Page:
The Jonas Center for Nursing and Veterans Healthcare culminated its 10th anniversary year by recognizing champions of nursing across the healthcare system at an awards luncheon in New York City on December 6, 2016. The awards honored accomplishments of individuals and organizations dedicated to advancing the nursing profession through outstanding leadership in a field so essential to our health and well-being. Frontier Nursing University was honored to be an award recipient.
Frontier Nursing University (FNU) received the Jonas Nursing Education Award. This award was given to FNU for its unwavering service to preparing the next generation of nurse-midwives and nurse practitioners. With more than 77 years of experience, FNU is the largest continually operating nurse-midwifery education program in the U.S., started the first family nurse practitioner program in the U.S. and has graduated nearly 5,000 nurses and midwives representing every state and many foreign countries.
“Our honorees represent exceptional professionals from a variety of fields, including philanthropy, academia and arts,” said Donald Jonas, who co-founded the Center with his wife, Barbara Jonas. “It is of paramount importance that we recognize and support their continuous efforts to advance nursing through innovation, education, awareness building and promoting nursing leadership.”
Dr. Susan Stone, President of FNU, accepted the Jonas Nursing Education Award on behalf of alumni and students. In her remarks, Stone noted, “We have been honored to have six Jonas Scholars graduate from Frontier Nursing University, and we have recently enrolled another four Scholars for the 2016 cohort. As a community-based program, our Scholars are from across the United States – Alaska, Maine, Montana, Idaho and Hawaii.” The Jonas program has had a very positive impact on these Scholars and their doctoral projects, introducing them to leaders in their chosen fields and interests, and connecting them to a powerful network of support. Stone’s remarks described the current enrollment of nearly 2,000 students, 59% from rural areas and 75% from health professional shortage areas, that are helping to meet FNU’s mission to educate nurses to become competent, entrepreneurial, ethical and compassionate nurse-midwives and nurse practitioners who are leaders in the primary care of women and families with an emphasis on underserved and rural populations.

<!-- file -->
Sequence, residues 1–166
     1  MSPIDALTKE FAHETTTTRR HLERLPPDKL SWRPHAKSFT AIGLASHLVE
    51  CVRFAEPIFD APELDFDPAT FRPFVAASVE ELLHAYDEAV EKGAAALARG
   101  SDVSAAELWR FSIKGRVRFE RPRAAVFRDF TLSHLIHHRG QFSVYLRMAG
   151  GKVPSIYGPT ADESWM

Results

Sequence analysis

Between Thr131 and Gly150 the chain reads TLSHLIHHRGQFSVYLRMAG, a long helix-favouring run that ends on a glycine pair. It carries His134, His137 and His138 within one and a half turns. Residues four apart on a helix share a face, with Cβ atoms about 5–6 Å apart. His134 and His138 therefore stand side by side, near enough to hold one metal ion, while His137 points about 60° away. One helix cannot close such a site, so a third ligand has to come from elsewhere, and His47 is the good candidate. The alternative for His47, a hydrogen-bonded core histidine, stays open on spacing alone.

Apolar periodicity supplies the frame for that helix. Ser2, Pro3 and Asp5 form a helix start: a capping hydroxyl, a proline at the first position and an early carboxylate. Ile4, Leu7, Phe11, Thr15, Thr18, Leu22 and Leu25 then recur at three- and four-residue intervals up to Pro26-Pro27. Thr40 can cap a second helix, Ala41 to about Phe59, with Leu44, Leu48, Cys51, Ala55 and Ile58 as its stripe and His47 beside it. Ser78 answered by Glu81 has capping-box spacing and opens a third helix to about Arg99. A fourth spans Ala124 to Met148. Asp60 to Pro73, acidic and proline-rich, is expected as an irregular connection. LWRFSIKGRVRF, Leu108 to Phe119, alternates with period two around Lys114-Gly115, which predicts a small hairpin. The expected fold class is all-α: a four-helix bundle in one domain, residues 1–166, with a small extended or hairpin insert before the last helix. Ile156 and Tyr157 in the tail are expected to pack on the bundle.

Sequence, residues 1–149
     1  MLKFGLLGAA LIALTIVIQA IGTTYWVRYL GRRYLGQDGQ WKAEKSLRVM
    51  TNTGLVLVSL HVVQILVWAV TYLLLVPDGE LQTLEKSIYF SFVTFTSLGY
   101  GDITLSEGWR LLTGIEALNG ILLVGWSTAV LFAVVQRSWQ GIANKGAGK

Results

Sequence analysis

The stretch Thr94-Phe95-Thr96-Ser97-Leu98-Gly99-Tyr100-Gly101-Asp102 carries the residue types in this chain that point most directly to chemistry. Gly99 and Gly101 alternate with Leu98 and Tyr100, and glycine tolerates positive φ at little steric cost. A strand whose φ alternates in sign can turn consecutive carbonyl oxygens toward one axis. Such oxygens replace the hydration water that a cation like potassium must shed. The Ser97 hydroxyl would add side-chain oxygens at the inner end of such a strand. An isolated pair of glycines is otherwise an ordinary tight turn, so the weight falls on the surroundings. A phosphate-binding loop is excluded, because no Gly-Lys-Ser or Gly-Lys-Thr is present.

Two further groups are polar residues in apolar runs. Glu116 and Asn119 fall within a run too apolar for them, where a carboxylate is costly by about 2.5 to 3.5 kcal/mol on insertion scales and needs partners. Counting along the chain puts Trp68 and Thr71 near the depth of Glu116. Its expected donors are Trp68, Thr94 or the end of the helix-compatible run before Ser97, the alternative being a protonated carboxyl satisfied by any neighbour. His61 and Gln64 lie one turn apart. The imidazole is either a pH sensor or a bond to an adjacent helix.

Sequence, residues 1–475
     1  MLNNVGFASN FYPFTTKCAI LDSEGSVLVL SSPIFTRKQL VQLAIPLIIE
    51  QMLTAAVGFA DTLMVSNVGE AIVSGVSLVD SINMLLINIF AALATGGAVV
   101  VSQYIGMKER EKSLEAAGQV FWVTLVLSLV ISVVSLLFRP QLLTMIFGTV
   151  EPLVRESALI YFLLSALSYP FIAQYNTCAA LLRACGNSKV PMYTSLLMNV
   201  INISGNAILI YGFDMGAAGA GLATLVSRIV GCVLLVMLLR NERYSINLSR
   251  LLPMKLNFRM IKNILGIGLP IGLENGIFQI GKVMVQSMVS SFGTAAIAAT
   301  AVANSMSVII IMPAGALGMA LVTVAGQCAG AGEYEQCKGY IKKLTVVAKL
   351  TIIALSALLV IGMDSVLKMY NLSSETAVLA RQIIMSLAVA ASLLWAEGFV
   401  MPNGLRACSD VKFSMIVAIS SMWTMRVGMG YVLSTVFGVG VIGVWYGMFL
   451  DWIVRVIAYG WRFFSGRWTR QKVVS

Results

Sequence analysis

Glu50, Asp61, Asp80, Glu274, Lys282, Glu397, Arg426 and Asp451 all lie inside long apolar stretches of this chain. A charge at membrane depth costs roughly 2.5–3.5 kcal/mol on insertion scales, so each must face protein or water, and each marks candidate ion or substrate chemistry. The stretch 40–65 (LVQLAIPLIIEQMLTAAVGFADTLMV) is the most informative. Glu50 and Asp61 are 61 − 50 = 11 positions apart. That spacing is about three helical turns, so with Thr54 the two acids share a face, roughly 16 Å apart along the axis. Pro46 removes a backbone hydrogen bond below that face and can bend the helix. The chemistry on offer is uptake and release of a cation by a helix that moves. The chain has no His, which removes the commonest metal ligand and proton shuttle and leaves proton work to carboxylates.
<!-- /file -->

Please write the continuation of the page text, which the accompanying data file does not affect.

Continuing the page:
Joining Dr. Stone at the awards luncheon were several honored guests including Susan Graham, descendant of FNU’s founder Mary Breckinridge, and her husband Jon Kucera; Noel Smith Fernandez, former Social Services Secretary for the Frontier Nursing Service; and Ruth and Bill Lubic, national leaders in the midwifery field. Dr. Julie Marfell, Dean of Nursing, and Denise Barrett, Director of Development, were also present to accept this award.
Awards were also presented to the following individuals and organizations to recognize their outstanding contributions to nursing.
Ms. Blaustein is an Emeritus assistant professor of psychiatry at the Johns Hopkins University School of Medicine. She was one of the original founders and a board member of the Baltimore Rape Crisis Center and the Alzheimer’s Disease Association of Maryland, and is the past president of the Morton K. and Jane Blaustein Foundation, a longtime partner of the Jonas Center.
Started in 2007 as an initiative of AARP Foundation, AARP, and the Robert Wood Johnson Foundation under the leadership of Susan Reinhard, PhD, RN, FAAN and Susan Hassmiller, PhD, RN, FAAN, the Center to Champion Nursing in America believes that everyone in America can live a healthier life, supported by a system in which nurses are essential partners in providing health care and promoting health.
Dr. Fagin, Dean Emerita and Leadership Professor Emerita of the University of Pennsylvania School of Nursing, is an Ambassador to the Jonas Scholar program and provides guidance for the Center’s strategic planning.
Under the leadership of Executive Director Ahrin Mishan, the Foundation’s education initiatives center on the development of research and nurse-led innovation targeting areas of need, such as management of chronic illness, reducing disparities in care, and care for the aging population.
Ms. Jones is the creator of a book and film, The American Nurse, focused on raising the volume of the nurse’s voice in this country, and the forthcoming film Defining Hope, which examines the dying experience through the eyes of nurses, and is supported in part by the Jonas Center.
“We congratulate and sincerely thank this year’s honorees for their professional and outstanding contributions to the vitally important field of nursing,” said Darlene J. Curley, CEO of The Jonas Family Fund and Executive Director of the Jonas Center.